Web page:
Beware the Big Deal
It happens to sales leaders and product managers all the time. You get an email announcing a huge deal in the works that must be approved IMMEDIATELY, otherwise the deal will go away forever. Below is a checklist of items to consider when evaluating a proposal with significant discounting.
It happens to sales leaders and product managers all the time. You get an email announcing a huge deal in the works that must be approved IMMEDIATELY, otherwise the deal will go away forever. Below is a checklist of items to consider when evaluating a proposal with significant discounting:
- Make sure you understand all the financials of the deal (e.g. revenue, volume, cost, margin). What exactly are you selling, and for how much? What are the terms for service, delivery, etc.? What exactly is the company committing to? Calculate any other discounts offered to the customer (e.g. MDF, early payment, rebates). Could you be committing to pricing several years down the road? Be careful when making long-term commitments in a dynamic marketplace.
- Understand the risks of a large-volume discount deal. What if the customer buys less than expected during the course of the deal? What happens to margins? Examine the contracts to understand how the deal will be enforced, as well as both parties’ commitments and how they may change as a result of mergers and acquisitions, terminations and unforeseen events.
- Understand what the customer is committing to. For example, if the commitment is to a volume of consumables for equipment, does the throughput make sense, given the installed base of equipment? If the customer is committing to usage levels, do they make sense, given customer needs and the number of users?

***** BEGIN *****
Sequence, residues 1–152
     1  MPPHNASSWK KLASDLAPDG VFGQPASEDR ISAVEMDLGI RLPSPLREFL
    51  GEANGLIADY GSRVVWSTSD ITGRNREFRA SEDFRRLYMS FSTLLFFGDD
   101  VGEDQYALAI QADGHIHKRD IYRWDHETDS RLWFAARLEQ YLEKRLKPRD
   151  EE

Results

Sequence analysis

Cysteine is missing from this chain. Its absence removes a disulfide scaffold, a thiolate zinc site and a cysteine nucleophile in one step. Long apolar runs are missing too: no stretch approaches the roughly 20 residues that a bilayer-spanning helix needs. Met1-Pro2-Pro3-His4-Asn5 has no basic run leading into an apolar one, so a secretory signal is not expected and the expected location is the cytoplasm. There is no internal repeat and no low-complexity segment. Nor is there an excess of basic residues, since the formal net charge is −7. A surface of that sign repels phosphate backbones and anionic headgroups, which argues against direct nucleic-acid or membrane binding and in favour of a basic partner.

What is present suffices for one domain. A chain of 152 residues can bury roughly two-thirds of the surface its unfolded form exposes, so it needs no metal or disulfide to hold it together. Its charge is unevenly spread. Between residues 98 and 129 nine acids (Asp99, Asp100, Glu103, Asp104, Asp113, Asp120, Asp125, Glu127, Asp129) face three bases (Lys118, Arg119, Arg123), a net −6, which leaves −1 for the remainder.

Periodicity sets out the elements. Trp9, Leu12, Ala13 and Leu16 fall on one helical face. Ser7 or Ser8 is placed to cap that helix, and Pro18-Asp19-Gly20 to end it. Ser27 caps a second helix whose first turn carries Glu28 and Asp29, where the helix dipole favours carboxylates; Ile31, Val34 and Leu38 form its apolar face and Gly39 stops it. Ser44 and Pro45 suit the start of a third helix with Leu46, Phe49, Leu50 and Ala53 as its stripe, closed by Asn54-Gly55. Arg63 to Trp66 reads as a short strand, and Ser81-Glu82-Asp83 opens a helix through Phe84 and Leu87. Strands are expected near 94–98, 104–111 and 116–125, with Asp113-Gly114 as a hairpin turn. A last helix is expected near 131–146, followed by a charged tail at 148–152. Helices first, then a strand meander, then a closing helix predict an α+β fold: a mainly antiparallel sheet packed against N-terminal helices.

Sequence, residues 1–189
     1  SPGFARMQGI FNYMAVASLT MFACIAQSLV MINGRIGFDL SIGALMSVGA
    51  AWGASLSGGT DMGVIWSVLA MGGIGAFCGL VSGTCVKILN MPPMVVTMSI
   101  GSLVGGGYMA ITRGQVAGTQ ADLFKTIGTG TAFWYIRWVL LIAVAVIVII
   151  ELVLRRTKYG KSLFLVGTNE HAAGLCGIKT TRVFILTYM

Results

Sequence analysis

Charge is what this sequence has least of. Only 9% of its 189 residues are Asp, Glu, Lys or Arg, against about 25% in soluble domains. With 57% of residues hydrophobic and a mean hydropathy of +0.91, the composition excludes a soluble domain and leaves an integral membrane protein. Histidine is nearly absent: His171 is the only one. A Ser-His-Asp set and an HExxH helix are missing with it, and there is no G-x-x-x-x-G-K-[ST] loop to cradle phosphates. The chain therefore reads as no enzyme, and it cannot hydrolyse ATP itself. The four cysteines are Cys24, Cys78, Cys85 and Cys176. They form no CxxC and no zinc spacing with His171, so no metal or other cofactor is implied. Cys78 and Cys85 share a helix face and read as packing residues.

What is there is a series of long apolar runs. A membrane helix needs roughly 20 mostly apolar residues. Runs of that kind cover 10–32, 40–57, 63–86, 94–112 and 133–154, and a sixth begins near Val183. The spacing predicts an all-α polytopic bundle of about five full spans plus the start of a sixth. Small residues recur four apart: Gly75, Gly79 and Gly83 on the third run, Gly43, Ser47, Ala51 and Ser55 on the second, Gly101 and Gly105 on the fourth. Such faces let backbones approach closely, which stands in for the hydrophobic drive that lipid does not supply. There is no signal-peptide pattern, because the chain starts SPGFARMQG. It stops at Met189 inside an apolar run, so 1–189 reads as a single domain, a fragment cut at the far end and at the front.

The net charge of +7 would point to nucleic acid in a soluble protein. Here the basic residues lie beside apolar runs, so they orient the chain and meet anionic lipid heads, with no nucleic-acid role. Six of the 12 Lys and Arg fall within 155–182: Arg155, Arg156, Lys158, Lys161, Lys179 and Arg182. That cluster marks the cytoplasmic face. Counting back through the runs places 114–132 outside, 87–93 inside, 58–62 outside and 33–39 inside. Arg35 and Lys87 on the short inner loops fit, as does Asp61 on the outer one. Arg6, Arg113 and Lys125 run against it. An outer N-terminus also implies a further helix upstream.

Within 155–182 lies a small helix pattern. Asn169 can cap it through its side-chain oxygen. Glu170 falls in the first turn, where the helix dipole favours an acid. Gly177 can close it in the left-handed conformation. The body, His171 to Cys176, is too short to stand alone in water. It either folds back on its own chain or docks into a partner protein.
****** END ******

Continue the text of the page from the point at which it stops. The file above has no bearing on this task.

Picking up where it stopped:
- Understand the mechanism for tracking the customer’s usage. If you have given a big upfront discount on installation, training or service for a specified amount of usage, will this be tracked? Will the customer be billed automatically, regardless of consumption? In the case of hard goods, will deliveries be made automatically?
- Question why the customer needs a lower price. If a competitor is offering a more attractive package, this data is critical for competitive analysis. Use proof of the lower price offered to obtain lower costs from suppliers and manufacturers and, internally, from cost accounting and finance.
- Assess whether you could offer this deal to any other customer under the same circumstances. If the answer is no, rethink the deal. Remember, you must defend this pricing to other salespeople and customers. Consider a confidentiality agreement, although there’s a high risk that information will be exposed, especially as companies are acquired and new partnerships formed.
- Make sure you can support your pricing model with the sales team. No doubt you developed pricing models underpinned by strong value propositions and demonstrated offering value. When offering discounts, ensure you don’t undermine the sales team’s confidence in your pricing strategy. If the pricing is all over the map, the sales force cannot support the offering’s value.
- Keep track of those who request special pricing. If they are particular salespeople, the request might have more to do with a sales enablement and training issue vs. pricing. For example, salespeople who are used to selling hard goods may have trouble communicating the value of software. Make sure salespeople can articulate the value of the offering and support the price.